The final issue, grouping, is another thing needed for working with complex designs. I've seen some interesting conversations here on the forum about grouping. When I say group I mean sets of both elements and (sub)sets.

Grouping workspaces allows one to reduce the total set of all workspaces into manageable chunks, and when combined with good naming can help with new team members understanding what subsets of the total set are relevant. Tags can do this a little bit and should be included for those who like them but the mechanics of tags (tags are not normally tagged themselves in the way that groups are often added to groups. tags are typically accessed via recall in contrast to recognition for groups) make them less capable than groups. In addition to aiding in the discoverability, the ability to manipulate groups and subgroups of workspaces could make some tasks such as sharing and deleting easier.

As a side note,  I think that sometimes people have the misconception that grouping implies being limited to a hierarchy (a DAG for you CS buffs). It does not.

User grouping makes granting and revoking permissions on workspace groups (and one day individual branches I hope) tractable.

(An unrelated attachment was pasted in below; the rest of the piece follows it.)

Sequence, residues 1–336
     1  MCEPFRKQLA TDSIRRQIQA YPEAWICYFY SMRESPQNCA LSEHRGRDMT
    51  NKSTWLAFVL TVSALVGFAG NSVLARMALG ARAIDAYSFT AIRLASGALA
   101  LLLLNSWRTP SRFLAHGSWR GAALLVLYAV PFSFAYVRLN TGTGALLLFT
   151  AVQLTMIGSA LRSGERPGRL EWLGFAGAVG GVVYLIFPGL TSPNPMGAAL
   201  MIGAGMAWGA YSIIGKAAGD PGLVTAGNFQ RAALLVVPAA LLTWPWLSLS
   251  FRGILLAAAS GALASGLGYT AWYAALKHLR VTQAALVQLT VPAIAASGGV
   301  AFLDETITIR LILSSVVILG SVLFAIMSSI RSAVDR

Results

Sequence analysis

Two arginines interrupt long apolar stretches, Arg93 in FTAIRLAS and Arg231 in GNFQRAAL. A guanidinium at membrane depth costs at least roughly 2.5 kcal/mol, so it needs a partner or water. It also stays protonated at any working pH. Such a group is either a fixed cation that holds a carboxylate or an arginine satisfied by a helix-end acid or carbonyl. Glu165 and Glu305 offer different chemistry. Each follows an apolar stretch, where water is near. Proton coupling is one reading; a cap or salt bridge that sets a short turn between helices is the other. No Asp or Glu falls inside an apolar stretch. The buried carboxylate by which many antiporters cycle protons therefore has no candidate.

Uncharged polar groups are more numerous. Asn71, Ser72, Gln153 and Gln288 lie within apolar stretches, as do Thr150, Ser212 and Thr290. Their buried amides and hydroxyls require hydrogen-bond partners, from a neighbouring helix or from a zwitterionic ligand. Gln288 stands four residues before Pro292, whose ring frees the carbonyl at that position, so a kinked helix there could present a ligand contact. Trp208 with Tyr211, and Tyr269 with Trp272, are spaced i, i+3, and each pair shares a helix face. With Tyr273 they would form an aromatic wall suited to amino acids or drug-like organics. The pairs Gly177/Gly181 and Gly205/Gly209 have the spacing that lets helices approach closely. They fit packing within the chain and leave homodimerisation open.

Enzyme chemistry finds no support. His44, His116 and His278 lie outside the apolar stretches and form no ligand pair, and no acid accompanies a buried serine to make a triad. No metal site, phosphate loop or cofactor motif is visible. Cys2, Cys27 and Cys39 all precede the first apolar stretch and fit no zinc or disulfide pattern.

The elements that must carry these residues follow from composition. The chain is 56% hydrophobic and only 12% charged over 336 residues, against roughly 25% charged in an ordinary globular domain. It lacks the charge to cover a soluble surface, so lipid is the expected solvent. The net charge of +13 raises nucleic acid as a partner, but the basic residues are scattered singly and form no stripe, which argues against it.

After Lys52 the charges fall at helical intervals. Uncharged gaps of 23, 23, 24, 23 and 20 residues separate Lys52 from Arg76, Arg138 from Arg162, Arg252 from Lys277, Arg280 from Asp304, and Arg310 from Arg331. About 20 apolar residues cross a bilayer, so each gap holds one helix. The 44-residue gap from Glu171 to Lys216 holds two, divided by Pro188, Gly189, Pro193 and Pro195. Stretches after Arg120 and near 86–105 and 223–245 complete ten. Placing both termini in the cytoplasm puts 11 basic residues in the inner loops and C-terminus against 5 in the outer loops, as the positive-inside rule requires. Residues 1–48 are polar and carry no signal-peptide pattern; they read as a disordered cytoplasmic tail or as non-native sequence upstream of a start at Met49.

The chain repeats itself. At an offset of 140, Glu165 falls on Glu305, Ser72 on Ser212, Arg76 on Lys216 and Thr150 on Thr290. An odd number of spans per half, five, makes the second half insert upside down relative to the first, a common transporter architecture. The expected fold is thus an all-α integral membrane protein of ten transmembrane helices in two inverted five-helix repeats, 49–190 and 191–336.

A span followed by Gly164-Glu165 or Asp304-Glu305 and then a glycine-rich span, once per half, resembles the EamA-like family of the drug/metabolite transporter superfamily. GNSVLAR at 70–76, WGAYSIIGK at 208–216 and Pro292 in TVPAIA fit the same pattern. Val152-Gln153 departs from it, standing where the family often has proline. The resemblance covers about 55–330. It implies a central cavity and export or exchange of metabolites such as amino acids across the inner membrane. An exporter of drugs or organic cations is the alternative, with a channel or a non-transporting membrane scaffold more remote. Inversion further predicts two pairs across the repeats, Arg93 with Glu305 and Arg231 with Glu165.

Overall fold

Grouping features can be handy for speeding the work-flow (o-ring grooves, mechanical interfaces, hole patterns, etc) when parametrized, but mostly I just want to compress the feature tree to meaningful chunks that can be comprehended and navigated quicker than the full list.

Grouping sketch elements (blocks in SW, groups in every other graphics program) is useful for patterns and re-use... but like feature groups, often it is also a good way to reduce the complexity of the sketch, partitioning constraints so that they are easier to understand.

That's the stuff I'm waiting for before I invest in building any infrastructure around Onshape... Though if a minimally capable version of drawings + dxf export was available I probably would have tried to use Onshape in this last job.